The Autumn Statement delivered last week by Philip Hammond was notably muted and has left retailers questioning whether, this year, they have been 'naughty or nice'. In stark contrast to George Osborne's tendency to pull a rabbit or two out of the hat, Hammond preferred to quietly leave a small lump of coal at the bottom of our stockings - most likely in response to the gloomy economic forecast.

Transitional rates relief benefits businesses affected by a change in the rateable value of their property by capping their business rates to allow a more gradual change. Although rates under the relief are being reduced in 2017 (and further in 2018), businesses can still expect to pay £550m more in rates next year than they pay today (Source: British Retail Consortium Chief Executive, Helen Dickinson). Hammond announced a £6.7 billion business rates package for small businesses. This will help small businesses considerably in reducing their tax bill but is unlikely to prompt medium or large retailers to join the Chancellor under the mistletoe.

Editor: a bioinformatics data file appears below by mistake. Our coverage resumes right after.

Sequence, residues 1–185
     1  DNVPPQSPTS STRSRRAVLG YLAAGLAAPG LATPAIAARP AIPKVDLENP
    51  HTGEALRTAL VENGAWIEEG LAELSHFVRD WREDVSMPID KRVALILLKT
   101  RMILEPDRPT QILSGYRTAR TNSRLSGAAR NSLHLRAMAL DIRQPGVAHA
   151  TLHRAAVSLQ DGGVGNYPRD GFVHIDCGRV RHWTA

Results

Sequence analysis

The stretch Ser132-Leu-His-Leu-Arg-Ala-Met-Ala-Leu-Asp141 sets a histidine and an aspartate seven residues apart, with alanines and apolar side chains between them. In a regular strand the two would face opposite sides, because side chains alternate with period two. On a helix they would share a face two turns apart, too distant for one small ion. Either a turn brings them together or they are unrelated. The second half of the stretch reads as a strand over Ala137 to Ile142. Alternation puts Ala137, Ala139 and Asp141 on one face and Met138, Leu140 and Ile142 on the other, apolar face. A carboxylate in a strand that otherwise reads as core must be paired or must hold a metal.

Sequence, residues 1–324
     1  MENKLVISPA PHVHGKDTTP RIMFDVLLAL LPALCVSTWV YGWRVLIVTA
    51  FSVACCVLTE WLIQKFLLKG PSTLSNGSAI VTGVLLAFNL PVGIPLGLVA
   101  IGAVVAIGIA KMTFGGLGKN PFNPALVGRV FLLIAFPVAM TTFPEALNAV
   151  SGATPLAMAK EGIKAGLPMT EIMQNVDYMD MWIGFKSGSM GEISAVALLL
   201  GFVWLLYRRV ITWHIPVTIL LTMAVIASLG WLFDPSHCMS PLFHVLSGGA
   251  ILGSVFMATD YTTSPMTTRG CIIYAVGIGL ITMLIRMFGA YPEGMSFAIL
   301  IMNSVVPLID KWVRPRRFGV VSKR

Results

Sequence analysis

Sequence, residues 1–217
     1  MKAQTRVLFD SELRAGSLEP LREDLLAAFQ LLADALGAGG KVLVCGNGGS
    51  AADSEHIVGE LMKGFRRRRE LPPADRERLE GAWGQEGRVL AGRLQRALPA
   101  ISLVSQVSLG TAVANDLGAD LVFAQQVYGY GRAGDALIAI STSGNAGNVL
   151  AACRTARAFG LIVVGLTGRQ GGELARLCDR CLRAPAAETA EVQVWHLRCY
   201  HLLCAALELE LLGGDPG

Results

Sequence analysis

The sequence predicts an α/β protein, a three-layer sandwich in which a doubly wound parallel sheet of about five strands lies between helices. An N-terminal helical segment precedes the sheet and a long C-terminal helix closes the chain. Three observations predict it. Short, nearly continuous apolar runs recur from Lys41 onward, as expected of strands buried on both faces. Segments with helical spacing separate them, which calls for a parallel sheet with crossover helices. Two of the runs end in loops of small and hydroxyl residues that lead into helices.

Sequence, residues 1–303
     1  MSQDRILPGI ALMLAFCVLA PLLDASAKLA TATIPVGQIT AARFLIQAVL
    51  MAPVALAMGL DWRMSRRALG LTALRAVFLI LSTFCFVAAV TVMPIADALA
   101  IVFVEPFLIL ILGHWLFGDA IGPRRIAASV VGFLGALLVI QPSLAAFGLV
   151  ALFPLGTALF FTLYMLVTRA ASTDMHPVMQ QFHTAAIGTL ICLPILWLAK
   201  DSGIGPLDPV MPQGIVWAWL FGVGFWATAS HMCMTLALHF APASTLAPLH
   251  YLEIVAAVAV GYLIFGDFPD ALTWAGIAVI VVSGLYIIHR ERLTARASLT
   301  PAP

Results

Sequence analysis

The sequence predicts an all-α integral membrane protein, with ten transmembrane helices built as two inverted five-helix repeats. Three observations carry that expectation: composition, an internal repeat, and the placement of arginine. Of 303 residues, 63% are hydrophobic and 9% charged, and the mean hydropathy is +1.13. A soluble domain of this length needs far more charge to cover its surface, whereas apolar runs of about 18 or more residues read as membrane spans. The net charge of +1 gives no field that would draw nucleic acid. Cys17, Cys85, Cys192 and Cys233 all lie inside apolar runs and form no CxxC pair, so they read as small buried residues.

The National Living Wage increase from £7.20 to £7.50 per hour will give Christmas cheer to certain workers over the age of 25 with the promise of what amounts to around £600 per year in their pockets. Whilst this allows Mummy and Daddy to be a little more generous in their present-giving this festive season, the 4% increase will put extra pressure on retailers already faced with burgeoning costs. When this is combined with the new levy on UK employers to fund new apprenticeships and the drop in value of the pound, retailers may need extra mulled wine to seek solace this Christmas."